FOREX-Euro flat vs dollar, but near 2-month low as Greece weighs

Mon Nov 12, 2012 2:26pm EST

Related Topics

* Euro zone govts disagree on whether to give Greece money

* China trade data shows economy recovering

* U.S. fiscal worries hit appetite for riskier assets

By Julie Haviv and Gertrude Chavez-Dreyfuss

NEW YORK, Nov 12 (Reuters) - The euro was unchanged against the dollar on Monday and was near a recent two-month low in holiday-thinned trading, weighed down by uncertainty on whether Greece will receive a new round of bailout money to help pay off its debt.

The euro was down about 1.9 percent against the dollar so far in November and is seen having limited scope for gains even if Greece does receive aid. A bleak economic backdrop in the euro zone contrasts starkly with an improving U.S. economy and is viewed as a further headwind for the euro.

Also favoring the safe-haven dollar against the euro is the a looming U.S. "fiscal cliff," a combination of big spending cuts and tax hikes if Congress does not act to curb the budget deficit that some believe has the potential to send the economy into another recession.

Trade in the United States was on the light side, with the government bond market closed in observance of the Veterans Day holiday.

Greece was at the forefront of investor concerns as euro zone governments disagreed on whether to disburse more money to the debt-ravaged country on Monday. Worries persisted even though the Greek government approved a tough 2013 budget, because of the lack so far of a consensus on how to make Greece's debts sustainable into the next decade.

"Greece continues to be a thorn in the side of the European Union," said Neal Gilbert, currency strategist at GFT in Grand Rapids, Michigan. "Despite the Greek parliament passing an austerity-filled budget this weekend, investors are still concerned that Greece will not receive its next tranche of funds in time to avoid defaulting on its loans."

Athens has to redeem 5 billion euros ($6.36 billion) worth of Treasury bills on Nov. 16 and had been counting on cash from the next tranche of aid to help cover that.

Greece will get two more years to reach previously agreed budget goals, but the extra time will cost the euro zone an additional 32.6 billion euros, draft documents prepared for a meeting of euro zone finance ministers showed.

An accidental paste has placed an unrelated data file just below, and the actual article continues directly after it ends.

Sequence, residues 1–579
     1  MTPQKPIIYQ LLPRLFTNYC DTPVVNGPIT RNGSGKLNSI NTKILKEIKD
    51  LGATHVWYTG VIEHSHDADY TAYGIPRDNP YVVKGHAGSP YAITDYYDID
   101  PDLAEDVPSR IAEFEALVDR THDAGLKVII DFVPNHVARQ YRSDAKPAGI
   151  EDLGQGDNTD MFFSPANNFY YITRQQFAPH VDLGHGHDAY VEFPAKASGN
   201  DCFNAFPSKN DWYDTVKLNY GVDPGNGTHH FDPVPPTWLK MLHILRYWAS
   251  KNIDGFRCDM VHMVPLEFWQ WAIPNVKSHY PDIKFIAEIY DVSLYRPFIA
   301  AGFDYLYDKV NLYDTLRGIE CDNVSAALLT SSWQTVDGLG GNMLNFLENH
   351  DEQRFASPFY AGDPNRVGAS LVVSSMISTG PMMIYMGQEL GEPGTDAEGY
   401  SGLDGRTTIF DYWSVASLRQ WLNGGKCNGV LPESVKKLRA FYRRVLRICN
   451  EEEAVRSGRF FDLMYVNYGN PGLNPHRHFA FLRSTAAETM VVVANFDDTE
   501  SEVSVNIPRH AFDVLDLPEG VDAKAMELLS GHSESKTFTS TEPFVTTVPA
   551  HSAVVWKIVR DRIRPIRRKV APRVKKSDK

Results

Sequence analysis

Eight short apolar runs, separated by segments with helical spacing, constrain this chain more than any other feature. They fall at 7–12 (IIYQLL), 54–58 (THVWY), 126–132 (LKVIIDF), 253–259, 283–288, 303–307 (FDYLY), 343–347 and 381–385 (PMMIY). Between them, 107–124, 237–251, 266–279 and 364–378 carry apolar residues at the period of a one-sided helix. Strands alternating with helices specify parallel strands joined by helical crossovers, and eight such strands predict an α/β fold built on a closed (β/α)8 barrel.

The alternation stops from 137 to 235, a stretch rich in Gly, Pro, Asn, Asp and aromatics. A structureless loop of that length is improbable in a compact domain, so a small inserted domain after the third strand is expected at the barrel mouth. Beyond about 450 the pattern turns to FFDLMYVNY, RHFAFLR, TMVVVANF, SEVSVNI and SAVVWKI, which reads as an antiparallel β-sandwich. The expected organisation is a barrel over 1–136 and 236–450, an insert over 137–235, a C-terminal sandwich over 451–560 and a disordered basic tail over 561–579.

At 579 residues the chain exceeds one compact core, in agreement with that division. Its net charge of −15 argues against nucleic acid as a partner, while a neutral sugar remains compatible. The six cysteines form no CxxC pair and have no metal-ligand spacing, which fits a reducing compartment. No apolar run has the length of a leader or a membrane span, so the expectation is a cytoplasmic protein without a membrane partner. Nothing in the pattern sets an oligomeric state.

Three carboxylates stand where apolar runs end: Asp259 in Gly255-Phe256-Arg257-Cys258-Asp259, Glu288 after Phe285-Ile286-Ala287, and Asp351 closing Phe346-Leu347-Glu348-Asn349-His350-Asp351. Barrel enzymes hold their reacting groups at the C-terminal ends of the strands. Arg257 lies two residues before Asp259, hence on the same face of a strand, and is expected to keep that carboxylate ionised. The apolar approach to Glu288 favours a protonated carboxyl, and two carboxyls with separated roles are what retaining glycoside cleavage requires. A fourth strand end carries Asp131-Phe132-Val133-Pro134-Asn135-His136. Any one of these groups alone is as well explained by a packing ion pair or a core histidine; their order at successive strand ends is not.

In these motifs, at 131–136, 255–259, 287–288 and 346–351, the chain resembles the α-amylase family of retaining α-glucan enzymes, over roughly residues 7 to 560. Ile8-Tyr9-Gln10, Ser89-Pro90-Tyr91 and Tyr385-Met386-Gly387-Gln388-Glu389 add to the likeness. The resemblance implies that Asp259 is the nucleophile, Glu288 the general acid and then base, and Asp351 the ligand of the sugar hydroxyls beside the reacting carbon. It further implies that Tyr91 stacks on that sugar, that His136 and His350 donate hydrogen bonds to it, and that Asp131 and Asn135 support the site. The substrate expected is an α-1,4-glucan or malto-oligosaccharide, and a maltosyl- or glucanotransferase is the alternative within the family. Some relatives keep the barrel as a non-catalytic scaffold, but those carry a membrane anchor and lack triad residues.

The euro last traded flat at $1.2712, not far from a two-month low of $1.2688 touched on Friday, according to Reuters data. Traders cited stop-loss sell orders below $1.2685.

Intraday bias on the euro remained negative for now, and a correction from a high of $1.3169 hit in mid-September could extend to the $1.24 level, analysts said.

Concerns about Greece trumped trade data in China suggesting it is recovering from slower growth, assuaging concerns about the world's second-largest economy.

Looking ahead, data due later this week is forecast to show a slowdown in German growth in coming quarters and France slipping into recession.

U.S. FISCAL WORRIES

Concerns about the U.S. fiscal cliff has driven safe-haven flows into the dollar and kept it near a two-month high against a basket of currencies. It was last little changed at 81.040.

Demand for higher-risk currencies has been sluggish as investors fret about the possible impact of some $600 billion in expiring U.S. tax cuts and spending reductions due to begin to take effect in January without a deal on Capitol Hill.

Markets on Monday also shrugged off a 0.9 percent July-September quarter-on-quarter contraction in Japan's economic output, which was in line with forecasts. It was the first negative reading in three quarters, and it added to fears that slowing global growth is pushing the Japanese economy into recession.

Morgan Stanley held to its medium-term view that the yen would weaken and said it expected dollar/yen to resume its uptrend.

The dollar was last down 0.1 percent at 79.41 yen, but above Friday's close of 79.06 yen, its weakest since Oct. 18. The euro also traded flat against the yen at 100.97 , according to Reuters data.

FILED UNDER:
Comments (0)
This discussion is now closed. We welcome comments on our articles for a limited period after their publication.